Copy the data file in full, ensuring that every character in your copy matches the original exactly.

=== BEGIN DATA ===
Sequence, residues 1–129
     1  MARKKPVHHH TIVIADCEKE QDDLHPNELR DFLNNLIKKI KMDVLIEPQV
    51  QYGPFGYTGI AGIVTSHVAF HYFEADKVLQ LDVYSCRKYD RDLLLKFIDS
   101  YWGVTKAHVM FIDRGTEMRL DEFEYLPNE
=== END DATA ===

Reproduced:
Sequence, residues 1–129
     1  MARKKPVHHH TIVIADCEKE QDDLHPNELR DFLNNLIKKI KMDVLIEPQV
    51  QYGPFGYTGI AGIVTSHVAF HYFEADKVLQ LDVYSCRKYD RDLLLKFIDS
   101  YWGVTKAHVM FIDRGTEMRL DEFEYLPNE